We add the markup and give it the component’s class name and all is good. Where it gets trickier is when we try to nest components. And when they need to be tweaked based on the context. Where should the styles be defined? It’s a question I’ve been asking myself a few times and what this article is trying to explore. Just to clarify before we start, with "CSS components", I mean the small building blocks that get used to assemble a website or app. Ok, best is to go straight into it and look at an example.
ES6 In Depth: An Introduction. Welcome to ES6 In Depth!
Yes, all browsers can cache pages and resources for long periods if told to do so, but the browser can kick individual items out of the cache at any point to make room for other things. HTML5 addresses some of the annoyances of being offline with the ApplicationCache interface. Using the cache interface gives your application three advantages: Offline browsing - users can navigate your full site when they're offline Speed - resources come straight from disk, no trip to the network.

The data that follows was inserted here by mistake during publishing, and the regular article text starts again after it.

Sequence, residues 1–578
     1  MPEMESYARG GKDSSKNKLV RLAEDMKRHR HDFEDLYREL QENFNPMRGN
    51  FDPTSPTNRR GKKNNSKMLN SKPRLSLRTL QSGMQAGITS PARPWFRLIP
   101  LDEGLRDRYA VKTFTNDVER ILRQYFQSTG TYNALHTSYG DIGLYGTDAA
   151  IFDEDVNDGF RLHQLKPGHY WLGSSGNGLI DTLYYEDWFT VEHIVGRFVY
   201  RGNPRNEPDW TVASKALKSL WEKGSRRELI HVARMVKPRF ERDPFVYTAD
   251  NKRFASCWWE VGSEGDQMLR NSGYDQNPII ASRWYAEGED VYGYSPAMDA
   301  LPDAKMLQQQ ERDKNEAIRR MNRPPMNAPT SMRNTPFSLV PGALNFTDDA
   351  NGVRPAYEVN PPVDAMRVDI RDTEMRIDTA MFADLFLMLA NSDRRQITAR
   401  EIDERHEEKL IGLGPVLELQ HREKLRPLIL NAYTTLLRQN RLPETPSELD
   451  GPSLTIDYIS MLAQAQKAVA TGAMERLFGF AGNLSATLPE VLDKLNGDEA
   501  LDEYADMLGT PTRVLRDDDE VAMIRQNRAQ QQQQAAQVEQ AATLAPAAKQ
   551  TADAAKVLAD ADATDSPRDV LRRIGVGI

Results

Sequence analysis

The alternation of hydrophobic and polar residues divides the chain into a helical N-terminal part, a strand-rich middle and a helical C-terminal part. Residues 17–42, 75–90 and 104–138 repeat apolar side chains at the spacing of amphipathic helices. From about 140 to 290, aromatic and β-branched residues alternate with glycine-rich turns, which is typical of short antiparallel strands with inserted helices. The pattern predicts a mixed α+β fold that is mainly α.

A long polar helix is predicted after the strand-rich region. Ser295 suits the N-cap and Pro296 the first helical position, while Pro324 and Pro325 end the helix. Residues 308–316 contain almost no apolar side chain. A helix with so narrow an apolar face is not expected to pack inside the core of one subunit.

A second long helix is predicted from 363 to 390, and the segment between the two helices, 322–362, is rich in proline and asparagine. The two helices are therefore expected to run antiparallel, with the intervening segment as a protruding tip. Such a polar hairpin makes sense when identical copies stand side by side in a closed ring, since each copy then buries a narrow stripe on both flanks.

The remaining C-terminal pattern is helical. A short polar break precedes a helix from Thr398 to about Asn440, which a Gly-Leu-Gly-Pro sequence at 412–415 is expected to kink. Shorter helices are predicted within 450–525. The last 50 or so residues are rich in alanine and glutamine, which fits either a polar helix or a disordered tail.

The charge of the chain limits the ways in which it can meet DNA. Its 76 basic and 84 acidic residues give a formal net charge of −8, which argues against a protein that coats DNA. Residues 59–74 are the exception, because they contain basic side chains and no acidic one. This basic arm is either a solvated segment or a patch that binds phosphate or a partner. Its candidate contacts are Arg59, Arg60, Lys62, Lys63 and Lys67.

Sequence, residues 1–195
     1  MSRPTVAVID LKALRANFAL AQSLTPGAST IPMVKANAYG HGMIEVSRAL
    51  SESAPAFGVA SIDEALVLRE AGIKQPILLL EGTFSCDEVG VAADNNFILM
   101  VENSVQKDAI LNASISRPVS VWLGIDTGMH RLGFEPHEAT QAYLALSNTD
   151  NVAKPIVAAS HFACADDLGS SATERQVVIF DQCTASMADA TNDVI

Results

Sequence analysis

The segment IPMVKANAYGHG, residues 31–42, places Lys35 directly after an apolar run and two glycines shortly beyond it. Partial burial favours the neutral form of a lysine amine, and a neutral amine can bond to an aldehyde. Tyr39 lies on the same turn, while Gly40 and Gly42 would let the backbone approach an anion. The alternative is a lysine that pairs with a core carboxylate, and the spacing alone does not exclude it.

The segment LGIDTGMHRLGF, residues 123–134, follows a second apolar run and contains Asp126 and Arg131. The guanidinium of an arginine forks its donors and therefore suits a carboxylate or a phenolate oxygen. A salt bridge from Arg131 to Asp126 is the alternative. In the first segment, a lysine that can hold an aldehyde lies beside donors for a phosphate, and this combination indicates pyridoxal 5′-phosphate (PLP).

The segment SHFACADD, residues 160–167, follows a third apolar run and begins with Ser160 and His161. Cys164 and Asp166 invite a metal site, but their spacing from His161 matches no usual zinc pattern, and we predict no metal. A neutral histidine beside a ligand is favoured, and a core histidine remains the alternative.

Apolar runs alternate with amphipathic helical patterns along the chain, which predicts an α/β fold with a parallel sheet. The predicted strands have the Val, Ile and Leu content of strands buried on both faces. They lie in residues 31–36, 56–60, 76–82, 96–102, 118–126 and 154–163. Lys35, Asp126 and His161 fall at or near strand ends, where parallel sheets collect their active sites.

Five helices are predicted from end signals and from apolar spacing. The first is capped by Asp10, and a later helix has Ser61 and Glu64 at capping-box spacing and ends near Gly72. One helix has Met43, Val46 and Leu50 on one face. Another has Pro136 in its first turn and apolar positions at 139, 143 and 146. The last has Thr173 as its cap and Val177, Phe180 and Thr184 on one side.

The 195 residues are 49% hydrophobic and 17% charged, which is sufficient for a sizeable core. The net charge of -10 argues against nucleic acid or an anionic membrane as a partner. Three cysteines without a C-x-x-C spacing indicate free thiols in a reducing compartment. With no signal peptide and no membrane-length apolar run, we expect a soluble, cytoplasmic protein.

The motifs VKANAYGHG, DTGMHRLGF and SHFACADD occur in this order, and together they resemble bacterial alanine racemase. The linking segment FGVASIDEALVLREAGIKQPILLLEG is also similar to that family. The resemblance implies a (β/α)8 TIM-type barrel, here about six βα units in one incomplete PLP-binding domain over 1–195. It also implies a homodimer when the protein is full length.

The Application Cache (or AppCache) allows a developer to specify which files the browser should cache and make available to offline users. The cache manifest file The cache manifest file is a simple text file that lists the resources the browser should cache for offline access. Referencing a manifest file To enable the application cache for an app, include the manifest attribute on the document's html tag: